Green-Themed Campaign Gets Red Light From Honda

By Steve Miller
Honda’s experiment with Environmentology appears to be over.

Sage Marie, a Honda rep, said the green-themed
campaign, which was introduced last fall via agency RPA, Los Angeles,
will be phased out in coming months, but "the environmental message
will continue to be part of Honda."

While Marie declined to give a reason for the
decision, a source said the effort, which featured the made-up term
environmentology and outlined Honda’s "environmentally responsible"
technology, "never went as deep as had been planned."

Added the source: "It was directionally challenged and
I think Honda was struggling as a group with it. As soon as it started
rolling out, mindsets changed."

The spots were launched in the fall with a large print buy in major newspapers and magazines, including full-page ads in The Wall Street Journal, Martha Stewart Living and Newsweek.

Honda also ran 15-second billboards on the Weather
Channel’s podcast platform page, which included steering listeners to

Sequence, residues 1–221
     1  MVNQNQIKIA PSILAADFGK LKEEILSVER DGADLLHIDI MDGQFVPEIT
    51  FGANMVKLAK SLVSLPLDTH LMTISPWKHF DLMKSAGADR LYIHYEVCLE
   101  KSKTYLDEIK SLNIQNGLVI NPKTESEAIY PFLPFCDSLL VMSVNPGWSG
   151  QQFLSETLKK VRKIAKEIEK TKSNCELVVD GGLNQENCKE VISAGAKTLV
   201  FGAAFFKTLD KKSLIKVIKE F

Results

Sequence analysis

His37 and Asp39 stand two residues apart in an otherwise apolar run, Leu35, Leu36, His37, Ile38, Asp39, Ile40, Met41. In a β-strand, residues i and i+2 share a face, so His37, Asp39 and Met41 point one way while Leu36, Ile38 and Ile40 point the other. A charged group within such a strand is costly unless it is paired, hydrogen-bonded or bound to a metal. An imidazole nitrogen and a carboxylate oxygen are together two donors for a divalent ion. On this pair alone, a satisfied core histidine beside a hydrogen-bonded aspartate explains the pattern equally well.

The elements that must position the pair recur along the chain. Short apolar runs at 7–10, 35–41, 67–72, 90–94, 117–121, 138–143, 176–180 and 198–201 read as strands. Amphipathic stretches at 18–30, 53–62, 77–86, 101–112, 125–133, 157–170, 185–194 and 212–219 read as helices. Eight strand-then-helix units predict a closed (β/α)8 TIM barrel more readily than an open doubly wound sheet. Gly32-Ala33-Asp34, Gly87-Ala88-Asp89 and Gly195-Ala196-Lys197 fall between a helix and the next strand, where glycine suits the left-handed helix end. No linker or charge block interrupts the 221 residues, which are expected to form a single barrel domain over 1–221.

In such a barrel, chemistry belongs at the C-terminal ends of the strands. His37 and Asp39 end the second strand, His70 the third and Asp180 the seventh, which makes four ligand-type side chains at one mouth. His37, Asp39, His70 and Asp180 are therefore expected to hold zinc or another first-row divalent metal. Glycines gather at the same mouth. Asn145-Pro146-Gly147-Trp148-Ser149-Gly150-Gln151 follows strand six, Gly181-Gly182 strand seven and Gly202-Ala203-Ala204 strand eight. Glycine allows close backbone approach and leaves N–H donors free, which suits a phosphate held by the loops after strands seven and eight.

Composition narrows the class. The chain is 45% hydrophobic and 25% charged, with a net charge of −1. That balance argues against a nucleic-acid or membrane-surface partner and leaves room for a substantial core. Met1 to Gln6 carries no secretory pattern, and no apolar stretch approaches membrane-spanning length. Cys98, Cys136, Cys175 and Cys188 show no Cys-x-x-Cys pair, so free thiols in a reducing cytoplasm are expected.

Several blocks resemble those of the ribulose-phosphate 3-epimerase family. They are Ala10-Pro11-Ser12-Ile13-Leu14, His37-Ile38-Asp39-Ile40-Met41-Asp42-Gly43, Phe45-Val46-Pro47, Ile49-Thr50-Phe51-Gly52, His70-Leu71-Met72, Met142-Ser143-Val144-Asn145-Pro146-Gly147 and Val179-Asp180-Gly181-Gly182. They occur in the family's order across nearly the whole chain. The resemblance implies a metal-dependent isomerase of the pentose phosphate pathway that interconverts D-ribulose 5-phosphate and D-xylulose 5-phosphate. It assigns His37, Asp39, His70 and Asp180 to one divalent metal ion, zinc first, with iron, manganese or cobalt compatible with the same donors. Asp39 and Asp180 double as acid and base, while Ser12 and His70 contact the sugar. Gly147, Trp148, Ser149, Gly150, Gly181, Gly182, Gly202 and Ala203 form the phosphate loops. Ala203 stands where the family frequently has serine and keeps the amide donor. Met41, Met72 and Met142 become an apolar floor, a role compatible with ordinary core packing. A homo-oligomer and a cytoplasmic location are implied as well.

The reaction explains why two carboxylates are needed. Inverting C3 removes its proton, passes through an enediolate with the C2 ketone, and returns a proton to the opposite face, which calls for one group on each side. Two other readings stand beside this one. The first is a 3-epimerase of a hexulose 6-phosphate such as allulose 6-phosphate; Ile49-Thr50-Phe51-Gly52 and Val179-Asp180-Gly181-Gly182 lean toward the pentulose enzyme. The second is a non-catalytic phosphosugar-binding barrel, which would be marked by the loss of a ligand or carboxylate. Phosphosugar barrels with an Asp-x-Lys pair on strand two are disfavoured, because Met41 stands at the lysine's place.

the "Environmentology" Web site.

Spending for the campaign was not broken out. Honda
anted up $729 million for measured media last year, per Nielsen

The change comes as most automakers are striving to
out-green each other in their pursuit of making environmental
sensitivity part of their public image. In recent months, Ford, General
Motors, Toyota and others have stepped up their green-themed messages.

Honda’s campaign wasn’t very compelling, said Bill
Moore, publisher of, a site devoted to eco-friendly
practices in the auto industry. "I’m surprised they would do away with
it so soon, but I doubt they will ever abandon presenting their image
as a green company," he said.

Honda has environmental awareness in its lineage, and
is known widely as the automaker that designed, manufactured and sold
the world’s first hybrid, the Insight, in 1999.

Honda has traditionally used its greenness as a theme
for ads. Over the years, the automaker has run a series of ads playing
up the fuel efficiency of its cars and others on the clean burning of
its engines.

But the obsession with green marketing may be reaching
a saturation point, as hybrid cars are stacking up on some dealer lots
and just about everyone casts themselves as a steward of the land, said
Rex Briggs, CEO of Marketing Evolution, a marketing research
consultancy based in El Dorado Hills, Calif.

"There is more of a challenge now because consumers
now what to know what’s in it for them in addition to helping the
world," Briggs said. "Environmentology doesn’t translate in that way."

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